How to stop settling for good enough.
How to stop people-pleasing.
How to stop playing small.
How to own your genius, gifts, brilliance, and significance.
How to stop looking at what you don't have and celebrate all that you do.
How to go after and get whatever you want regardless of the bullshit happening around you.
To be able to notice that when you're struggling with these things, it's just patriarchy or how you've internalized it in your life. To be able to identify where these things are coming from so you can overcome them.
So, I've talked a lot about patriarchy, but I want to expand this and discuss internalized oppression. So, again, let's start with a definition.
Internalized oppression happens when people who are targeted, discriminated against, or oppressed over a period of time, internalize (believe and make part of their self-image – their internal view of themselves) the myths and misinformation that society communicates to them about their group. Then, the oppressed group starts using the methods of the oppressing group against itself. Because it's internalized, it's been incorporated mostly subconsciously within yourself and how you operate in the world.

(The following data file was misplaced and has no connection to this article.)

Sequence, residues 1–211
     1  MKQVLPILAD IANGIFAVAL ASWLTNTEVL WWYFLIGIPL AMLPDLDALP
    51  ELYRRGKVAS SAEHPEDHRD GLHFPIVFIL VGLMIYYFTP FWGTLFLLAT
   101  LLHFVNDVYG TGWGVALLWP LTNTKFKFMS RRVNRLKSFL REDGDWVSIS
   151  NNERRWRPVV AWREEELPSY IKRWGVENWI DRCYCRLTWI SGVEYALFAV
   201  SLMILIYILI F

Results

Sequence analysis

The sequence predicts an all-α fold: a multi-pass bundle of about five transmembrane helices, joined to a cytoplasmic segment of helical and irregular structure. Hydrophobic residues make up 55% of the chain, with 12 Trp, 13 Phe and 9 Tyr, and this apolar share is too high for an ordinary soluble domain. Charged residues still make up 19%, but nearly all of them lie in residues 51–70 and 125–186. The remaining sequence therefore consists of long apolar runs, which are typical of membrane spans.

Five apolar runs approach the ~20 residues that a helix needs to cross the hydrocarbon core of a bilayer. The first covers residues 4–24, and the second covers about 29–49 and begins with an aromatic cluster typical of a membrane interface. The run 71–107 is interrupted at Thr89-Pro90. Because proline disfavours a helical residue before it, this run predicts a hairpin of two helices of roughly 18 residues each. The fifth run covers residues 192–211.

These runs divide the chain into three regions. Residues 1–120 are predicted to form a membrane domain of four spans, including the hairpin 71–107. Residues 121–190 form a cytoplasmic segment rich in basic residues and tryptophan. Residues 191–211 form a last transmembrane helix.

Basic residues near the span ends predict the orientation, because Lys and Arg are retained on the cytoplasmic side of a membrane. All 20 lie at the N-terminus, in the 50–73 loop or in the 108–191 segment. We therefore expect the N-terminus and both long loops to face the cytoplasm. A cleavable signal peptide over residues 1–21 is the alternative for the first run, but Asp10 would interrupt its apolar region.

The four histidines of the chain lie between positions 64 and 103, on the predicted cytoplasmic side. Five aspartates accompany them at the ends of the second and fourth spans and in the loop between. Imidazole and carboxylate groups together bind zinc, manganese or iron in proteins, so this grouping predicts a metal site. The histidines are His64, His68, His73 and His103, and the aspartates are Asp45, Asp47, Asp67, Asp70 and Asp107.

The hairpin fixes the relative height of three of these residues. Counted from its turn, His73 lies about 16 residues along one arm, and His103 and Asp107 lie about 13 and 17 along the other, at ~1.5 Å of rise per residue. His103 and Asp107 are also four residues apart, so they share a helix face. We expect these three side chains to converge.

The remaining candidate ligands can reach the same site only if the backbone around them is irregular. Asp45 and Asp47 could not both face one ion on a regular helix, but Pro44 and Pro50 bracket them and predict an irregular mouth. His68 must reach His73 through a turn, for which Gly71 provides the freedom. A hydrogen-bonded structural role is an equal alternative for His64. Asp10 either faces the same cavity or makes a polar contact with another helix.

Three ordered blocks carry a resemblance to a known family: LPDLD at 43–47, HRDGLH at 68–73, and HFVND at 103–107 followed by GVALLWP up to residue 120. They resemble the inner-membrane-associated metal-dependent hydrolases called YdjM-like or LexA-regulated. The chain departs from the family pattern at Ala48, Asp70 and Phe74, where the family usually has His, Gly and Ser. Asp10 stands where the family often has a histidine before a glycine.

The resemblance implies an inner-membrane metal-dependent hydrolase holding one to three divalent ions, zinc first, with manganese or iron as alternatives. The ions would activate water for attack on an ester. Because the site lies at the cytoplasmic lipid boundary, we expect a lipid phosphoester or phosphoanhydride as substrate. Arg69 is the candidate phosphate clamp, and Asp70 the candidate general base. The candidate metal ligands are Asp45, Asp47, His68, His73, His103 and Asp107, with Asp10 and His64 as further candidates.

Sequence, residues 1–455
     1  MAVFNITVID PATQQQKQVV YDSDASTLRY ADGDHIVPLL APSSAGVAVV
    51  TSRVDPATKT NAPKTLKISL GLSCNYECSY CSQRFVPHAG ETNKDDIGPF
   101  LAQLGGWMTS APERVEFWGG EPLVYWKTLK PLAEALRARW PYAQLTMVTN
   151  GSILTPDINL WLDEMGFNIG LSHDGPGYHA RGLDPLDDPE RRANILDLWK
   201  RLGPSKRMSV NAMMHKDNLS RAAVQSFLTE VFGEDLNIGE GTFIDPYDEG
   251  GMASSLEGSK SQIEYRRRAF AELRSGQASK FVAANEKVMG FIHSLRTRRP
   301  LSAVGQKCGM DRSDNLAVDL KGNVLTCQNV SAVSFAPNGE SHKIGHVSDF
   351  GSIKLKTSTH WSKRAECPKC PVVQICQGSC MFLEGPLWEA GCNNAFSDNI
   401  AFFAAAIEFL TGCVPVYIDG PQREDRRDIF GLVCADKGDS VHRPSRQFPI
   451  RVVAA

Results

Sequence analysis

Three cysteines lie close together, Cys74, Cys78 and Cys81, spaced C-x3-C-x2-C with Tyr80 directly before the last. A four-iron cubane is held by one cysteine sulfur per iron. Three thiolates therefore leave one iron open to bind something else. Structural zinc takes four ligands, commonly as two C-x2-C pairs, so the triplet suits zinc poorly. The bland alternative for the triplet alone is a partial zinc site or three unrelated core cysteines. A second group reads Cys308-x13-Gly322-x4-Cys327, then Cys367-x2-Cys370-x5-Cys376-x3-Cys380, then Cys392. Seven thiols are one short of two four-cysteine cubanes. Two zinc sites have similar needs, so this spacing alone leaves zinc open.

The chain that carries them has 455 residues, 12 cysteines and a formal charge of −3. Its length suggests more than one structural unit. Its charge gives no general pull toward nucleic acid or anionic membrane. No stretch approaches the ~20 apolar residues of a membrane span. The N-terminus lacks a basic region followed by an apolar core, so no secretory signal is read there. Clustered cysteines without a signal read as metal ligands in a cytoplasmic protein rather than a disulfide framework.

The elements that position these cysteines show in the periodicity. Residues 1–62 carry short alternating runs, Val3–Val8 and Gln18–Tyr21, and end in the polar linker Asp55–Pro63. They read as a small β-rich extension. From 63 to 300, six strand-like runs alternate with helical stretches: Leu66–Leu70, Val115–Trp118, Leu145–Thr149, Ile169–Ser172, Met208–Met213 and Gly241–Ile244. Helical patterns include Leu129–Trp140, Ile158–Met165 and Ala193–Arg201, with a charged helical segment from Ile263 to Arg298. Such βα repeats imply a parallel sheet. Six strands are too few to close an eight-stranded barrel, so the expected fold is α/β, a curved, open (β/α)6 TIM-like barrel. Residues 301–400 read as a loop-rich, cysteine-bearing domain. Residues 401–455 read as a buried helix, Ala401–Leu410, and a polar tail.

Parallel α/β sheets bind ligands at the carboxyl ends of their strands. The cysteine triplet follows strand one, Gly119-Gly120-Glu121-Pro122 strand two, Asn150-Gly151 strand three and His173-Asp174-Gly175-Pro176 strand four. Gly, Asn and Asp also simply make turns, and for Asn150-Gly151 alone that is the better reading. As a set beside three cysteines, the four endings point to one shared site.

It's an "acceptance" of negative societal beliefs and stereotypes, and the repetitive and negative psychological exposure creates feelings of self-doubt and even disrespect for one's own group or self. It's truly a "hidden injury" or an "assault on self" that places limitations on what you believe can be possible for yourself or others.
It fuels imposter syndrome, making you strive for perfectionism or cause burnout because you're trying to overachieve and prove the societal beliefs or stereotypes wrong. Perfectionism is the oppressor's voice that makes you feel that you're not good enough and never will be. It's psychological slavery that imprisons your mind and damages motivation, aspiration, and self-esteem.
Audre Lorde said, "To be whole, we must recognize the despair oppression plants within each of us…and we must fight that inserted place of self-destruction that lives and flourishes like a poison inside of us until it makes us turn on ourselves and each other."